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Polls, pundits, politicians, and journalists mostly predicted the outcome of this election incorrectly. How did they get it so wrong? Allan Lichtman says, the answer to this question gets at what’s wrong with politics in America.

John Locher/AP

The election of Donald Trump came as a shock to many Americans, but perhaps most of all to those in the business of calling elections. The pollsters on both left and right had confidently predicted Hillary Clinton would walk away with the race. They got it wrong. But one man did not: Allan Lichtman.

On September 23rd, Lichtman, a historian at American University, declared that Trump would win, and he stuck by that call through the tumultuous final weeks of the campaign.

Hidden Brain

Lichtman’s predictions are based on what he calls “keys.” These are a series of 13 true or false questions designed, in his words, “to gauge the strength and performance of the party holding the White House.”

Lichtman says elections are basically a judgment on how well the government has governed. The rest of the election season hoopla he dismisses as practically meaningless.

“All the twists and turns of the campaign, the ads, the speeches the campaign tricks, the debates count for little or nothing on election day,” he says.

Lichtman believes the reason pollsters and pundits got it so wrong is simple. First, polls are not predictors. “They are just snapshots at a given point in time.” And, he adds, an election is not a race to the finish line.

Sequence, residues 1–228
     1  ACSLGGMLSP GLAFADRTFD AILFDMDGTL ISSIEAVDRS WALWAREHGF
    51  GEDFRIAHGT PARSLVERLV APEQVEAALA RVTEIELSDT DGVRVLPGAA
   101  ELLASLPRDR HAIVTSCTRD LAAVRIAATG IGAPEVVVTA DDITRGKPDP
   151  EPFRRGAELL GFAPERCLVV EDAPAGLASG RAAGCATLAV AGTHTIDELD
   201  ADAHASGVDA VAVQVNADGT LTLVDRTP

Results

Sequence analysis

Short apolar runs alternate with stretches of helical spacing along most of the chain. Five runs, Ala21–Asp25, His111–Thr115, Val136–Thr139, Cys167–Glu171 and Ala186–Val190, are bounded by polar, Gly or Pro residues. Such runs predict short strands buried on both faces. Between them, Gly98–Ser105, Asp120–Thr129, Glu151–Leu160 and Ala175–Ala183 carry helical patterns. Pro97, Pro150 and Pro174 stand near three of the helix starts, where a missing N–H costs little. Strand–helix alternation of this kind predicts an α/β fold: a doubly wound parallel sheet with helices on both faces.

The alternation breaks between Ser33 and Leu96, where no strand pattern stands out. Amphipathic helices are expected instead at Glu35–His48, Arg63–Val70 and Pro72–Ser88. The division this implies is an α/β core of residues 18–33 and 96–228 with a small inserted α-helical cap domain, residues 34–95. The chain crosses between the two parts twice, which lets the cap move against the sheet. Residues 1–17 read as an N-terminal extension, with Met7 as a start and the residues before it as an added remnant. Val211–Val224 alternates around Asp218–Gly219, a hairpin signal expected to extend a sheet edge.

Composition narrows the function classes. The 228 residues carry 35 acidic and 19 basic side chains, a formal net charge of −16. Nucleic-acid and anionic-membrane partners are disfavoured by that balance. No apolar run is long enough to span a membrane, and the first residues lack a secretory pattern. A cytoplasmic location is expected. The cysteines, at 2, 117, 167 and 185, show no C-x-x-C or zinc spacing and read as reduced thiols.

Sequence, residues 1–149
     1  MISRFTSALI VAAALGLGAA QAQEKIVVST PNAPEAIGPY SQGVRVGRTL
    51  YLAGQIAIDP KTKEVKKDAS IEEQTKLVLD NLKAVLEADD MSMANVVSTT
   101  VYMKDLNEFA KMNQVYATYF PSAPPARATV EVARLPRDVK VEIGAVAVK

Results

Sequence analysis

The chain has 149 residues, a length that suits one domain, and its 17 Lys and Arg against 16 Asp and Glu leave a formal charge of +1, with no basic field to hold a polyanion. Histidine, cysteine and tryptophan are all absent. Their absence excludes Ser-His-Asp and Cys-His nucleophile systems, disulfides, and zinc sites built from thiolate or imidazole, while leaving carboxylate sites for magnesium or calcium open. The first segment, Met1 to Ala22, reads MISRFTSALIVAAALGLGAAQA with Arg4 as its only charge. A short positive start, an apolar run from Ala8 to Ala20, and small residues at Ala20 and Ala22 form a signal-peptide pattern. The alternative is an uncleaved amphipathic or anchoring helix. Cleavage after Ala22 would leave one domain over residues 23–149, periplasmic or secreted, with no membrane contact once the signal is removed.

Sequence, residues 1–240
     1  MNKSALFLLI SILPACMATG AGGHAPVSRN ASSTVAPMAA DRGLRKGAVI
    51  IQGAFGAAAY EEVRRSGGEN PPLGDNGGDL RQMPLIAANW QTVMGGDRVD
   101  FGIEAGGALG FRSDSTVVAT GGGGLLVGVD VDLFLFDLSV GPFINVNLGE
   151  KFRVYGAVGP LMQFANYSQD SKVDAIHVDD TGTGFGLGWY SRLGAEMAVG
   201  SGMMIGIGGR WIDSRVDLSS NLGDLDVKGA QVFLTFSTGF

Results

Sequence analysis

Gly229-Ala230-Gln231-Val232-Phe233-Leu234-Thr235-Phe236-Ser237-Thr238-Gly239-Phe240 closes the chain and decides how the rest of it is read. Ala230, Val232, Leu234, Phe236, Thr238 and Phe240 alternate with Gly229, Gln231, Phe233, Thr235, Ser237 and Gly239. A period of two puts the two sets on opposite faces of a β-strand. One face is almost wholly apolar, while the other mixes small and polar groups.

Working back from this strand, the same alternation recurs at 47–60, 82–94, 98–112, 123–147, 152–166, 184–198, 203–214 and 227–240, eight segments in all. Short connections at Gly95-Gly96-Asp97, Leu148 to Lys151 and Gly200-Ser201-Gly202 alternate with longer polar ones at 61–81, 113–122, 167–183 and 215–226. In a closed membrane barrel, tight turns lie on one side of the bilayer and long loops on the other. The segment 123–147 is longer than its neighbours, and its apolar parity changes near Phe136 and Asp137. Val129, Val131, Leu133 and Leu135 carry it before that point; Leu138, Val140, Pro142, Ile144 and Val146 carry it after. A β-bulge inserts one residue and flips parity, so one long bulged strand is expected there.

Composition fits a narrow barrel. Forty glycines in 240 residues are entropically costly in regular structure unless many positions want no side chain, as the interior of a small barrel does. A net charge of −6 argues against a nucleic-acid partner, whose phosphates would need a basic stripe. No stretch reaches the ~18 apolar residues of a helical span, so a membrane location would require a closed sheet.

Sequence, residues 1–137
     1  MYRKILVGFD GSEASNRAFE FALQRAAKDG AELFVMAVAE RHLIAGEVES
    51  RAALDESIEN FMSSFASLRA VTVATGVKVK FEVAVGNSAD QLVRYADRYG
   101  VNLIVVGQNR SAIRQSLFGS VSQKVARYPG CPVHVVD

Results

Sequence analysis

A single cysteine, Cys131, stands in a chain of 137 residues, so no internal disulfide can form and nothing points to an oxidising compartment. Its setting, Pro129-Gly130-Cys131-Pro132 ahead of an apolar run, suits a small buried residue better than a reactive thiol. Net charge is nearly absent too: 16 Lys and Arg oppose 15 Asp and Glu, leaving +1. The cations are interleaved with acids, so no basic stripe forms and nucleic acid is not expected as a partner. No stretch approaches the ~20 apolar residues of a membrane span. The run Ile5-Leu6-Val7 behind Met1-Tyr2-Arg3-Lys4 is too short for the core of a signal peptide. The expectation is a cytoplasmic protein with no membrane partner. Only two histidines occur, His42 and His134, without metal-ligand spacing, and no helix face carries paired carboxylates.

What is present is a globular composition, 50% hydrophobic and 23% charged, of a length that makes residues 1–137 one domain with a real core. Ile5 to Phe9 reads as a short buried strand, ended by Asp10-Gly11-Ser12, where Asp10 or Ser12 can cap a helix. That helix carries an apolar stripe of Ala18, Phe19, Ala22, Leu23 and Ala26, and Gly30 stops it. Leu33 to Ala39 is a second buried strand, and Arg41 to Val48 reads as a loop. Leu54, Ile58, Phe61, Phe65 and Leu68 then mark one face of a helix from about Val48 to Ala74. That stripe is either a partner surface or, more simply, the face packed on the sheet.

“The media makes money by covering the election as an exciting horse race, who’s had a good day and a bad day. The pollsters make money by keeping score in the horse race – who’s ahead and who’s behind. All of that is misleading or worse.”

Lichtman hopes that his success at predicting presidential winners – this is the ninth time in a row he’s called a winner in a presidential election – will make people rethink, even a little bit, the way they look at elections and politics. “And maybe, maybe bring together politics, governing, and history the way the keys do,” he says.

The Hidden Brain Podcast is hosted by Shankar Vedantam and produced by Maggie Penman, Jennifer Schmidt and Renee Klahr. Our supervising producer is Tara Boyle. You can also follow us on Twitter @hiddenbrain, and listen for Hidden Brain stories each week on your local public radio station.

Longtime Friend Expects President Trump To Be Different Than Candidate Trump

Nov 14, 2016   //   by Administrator   //   News from US  //  Comments Off on Longtime Friend Expects President Trump To Be Different Than Candidate Trump



MICHEL MARTIN, HOST:

Let’s take a few minutes now to check in with a close adviser to Donald Trump on matters of policy. Thomas J. Barrack Jr. is founder and executive chairman of Colony Capital. That’s a real estate investment firm based in Los Angeles. He’s been a member of the inner circle of Donald Trump’s economic advisers during the campaign. Barrack has experience in government, having served as deputy undersecretary of the Interior Department during the Reagan administration. He’s been a friend and business associate of Donald Trump’s for some 35 years.

He joined us from NPR’s studios in Culver City earlier this weekend, and I started by asking him about his suggestion that we could soon see a different Donald Trump from the one we saw on the campaign trail.

THOMAS J BARRACK JR: Now that he is the president-elect, I think what you’re going to see is the real Donald Trump – a kinder, softer, more compassionate, more conciliatory, professional executive. And I think the actions of the last couple of days, really from his acceptance speech, is starting to quell the fears of erratic behavior that many people had.